Maybe the golems know something - but the solemn men of clay, who work all day and night and are never any trouble to anyone, have started to commit suicide...
It's not as if the Watch hasn't got problems of its own. There's a werewolf suffering from Pre-Lunar Tension, Corporal Nobbs is hob-nobbing with the nobs, and there's something really strange about the new dwarf recruit, especially his earrings and eyeshadow.
Who can you trust when there are mobs on the street and plotters in the night and all the clues point the wrong way? In the gloom of the night, Watch Commander Sir Samuel Vimes finds that the truth may not be out there after all...
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©1996 Terry and Lyn Pratchett; (P)1999 Isis Publishing Ltd.
"Most writers would have trouble producing a full page of the rich zaniness with which Terry Pratchett fills entire novels. His comic fantasies have plots and characters, but they're really about language. They beg to be read aloud." (AudioFile)
I've listened to about 20 Discworld books so far, and they are all excellent. I've rated them all 5 stars. This one, though, is one of my favorites from the 20. The reason is that, while it is as hilarious and well written as the others, aspects of the plot in this one strike me as being much deeper and more interesting to contemplate -- predestination vs. free will, for example.
Also, for those who have read Discworld books, I suggest you don't let that deter you from listening to them with Nigel Planar narrating. He adds a whole new dimension himself. Nigel Planar's narration and Terry Pratchett's writing is a match made by, well . . . the gods.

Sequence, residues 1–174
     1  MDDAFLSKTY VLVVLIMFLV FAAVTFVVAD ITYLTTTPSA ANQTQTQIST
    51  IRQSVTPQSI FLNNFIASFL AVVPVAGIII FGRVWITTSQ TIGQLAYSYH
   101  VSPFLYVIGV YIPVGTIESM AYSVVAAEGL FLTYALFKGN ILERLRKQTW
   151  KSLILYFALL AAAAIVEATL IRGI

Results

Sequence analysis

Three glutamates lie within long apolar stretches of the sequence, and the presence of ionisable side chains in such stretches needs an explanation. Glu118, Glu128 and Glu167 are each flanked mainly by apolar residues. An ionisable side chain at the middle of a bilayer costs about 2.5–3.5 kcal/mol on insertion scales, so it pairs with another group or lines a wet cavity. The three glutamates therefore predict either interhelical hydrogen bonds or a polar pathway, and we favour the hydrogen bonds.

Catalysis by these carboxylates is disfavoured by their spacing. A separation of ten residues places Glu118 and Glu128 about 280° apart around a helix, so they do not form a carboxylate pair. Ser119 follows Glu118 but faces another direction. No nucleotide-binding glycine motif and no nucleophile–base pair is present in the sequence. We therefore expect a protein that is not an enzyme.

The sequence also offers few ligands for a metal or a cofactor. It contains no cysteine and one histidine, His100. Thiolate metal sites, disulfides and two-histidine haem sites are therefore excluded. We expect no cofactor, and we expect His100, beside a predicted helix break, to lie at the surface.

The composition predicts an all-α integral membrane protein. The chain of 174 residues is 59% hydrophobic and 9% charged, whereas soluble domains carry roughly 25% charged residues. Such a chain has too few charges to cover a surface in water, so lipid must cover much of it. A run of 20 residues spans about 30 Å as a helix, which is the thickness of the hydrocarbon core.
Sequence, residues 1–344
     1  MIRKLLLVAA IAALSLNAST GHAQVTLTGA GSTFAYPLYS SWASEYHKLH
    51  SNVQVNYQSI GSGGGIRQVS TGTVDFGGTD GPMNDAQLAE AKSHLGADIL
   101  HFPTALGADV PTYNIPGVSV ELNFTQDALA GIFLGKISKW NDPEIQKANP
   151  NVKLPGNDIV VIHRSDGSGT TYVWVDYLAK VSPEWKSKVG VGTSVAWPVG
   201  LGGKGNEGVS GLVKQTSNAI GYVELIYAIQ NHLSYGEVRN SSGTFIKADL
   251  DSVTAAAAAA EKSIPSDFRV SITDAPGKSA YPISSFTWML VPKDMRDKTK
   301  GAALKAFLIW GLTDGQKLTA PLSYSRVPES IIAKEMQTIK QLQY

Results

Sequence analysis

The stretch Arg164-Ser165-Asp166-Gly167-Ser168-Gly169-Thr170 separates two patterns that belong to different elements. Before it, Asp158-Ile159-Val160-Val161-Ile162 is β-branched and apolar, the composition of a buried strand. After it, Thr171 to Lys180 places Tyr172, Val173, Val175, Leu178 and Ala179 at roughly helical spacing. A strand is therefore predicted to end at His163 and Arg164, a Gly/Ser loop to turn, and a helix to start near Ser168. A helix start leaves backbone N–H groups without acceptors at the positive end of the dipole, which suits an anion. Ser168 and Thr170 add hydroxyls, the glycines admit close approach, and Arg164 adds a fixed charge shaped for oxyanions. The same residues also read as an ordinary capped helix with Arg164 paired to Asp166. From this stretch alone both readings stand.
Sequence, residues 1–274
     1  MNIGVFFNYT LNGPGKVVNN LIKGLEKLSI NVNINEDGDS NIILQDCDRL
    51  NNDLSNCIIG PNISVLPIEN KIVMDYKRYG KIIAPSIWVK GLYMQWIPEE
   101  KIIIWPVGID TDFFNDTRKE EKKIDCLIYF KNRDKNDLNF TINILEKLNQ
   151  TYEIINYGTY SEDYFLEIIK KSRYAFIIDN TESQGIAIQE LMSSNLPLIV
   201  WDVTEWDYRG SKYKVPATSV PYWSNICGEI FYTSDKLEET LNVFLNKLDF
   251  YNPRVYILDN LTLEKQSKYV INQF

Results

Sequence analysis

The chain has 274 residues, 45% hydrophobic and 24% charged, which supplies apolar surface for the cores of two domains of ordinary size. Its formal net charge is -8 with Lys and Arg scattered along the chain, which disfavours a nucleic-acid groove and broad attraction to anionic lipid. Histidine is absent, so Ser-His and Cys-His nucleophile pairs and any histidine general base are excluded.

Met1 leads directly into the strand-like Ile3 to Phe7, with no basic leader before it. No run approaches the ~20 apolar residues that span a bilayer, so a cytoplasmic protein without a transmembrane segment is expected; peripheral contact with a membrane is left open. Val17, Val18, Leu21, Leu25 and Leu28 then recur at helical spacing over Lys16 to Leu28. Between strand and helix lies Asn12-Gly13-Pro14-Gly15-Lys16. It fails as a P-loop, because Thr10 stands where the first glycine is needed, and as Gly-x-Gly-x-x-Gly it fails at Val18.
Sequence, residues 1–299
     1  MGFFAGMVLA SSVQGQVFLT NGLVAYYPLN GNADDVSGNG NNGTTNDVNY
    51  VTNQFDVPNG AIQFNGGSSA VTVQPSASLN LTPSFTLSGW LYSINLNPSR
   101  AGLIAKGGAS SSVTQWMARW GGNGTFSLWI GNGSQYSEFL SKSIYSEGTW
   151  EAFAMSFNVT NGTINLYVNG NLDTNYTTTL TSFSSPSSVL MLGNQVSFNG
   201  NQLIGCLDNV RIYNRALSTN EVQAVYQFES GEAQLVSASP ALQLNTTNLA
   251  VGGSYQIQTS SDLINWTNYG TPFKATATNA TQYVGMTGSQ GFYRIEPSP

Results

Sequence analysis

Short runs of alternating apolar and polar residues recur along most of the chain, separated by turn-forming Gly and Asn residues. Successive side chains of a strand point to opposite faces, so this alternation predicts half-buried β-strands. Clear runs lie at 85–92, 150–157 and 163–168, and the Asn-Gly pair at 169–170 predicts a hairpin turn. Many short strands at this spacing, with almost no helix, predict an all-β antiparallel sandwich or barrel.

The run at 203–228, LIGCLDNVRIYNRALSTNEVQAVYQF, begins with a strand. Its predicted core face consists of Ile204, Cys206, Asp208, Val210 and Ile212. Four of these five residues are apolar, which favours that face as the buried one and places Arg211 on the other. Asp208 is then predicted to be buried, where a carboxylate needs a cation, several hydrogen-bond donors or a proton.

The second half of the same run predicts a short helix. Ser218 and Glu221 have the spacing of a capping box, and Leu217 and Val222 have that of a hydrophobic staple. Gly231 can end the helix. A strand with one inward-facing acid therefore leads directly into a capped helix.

This is the third novel in the City Watch subseries of Terry Pratchett's DiscWorld series. I first enjoyed this book in its written form, but it was well worth experiencing it as an audiobook as well. I find that I appreciate many of the more subtle nuances of Terry Pratchett's novels when I hear them read aloud, and this book was no exception. A+!
Oh, yes. Well written and fun.
Not my favorite, prefer Steven Briggs.
Also fun to read, completely difference experience.
I love the discworld novels, especially any that involve the Watch. Unfortunately, when they pulled the audio from the cds for this no one bothered to check the quality. There are dead spaces where the cds move from one track to another and some of these are in the middle of a sentence.
All of Terry Pratchett's books are great fun to read. I would recommend the book with the caveat that the audio recording leaves much to be desired. It is almost like the recording is ripped from CDs with fade in/out turned on at the end of each track.
Anything with Angua in it.
There are already lots of followup books.
This is one of my favorite stories by Pratchett. Unfortunately, the reader (Nigel Planer) makes all his characters sound like they have head colds and sub par IQ's. In the future, I'll stick to Pratchett books read by Steven Briggs. Planer lowered the review by a full Star.
While this is not Pratchett's best work, that is like saying that you won "only a few million dollars" in the lottary. As always, Pratchett delivers a witty, thoughtful narrative in the finest discworld tradition.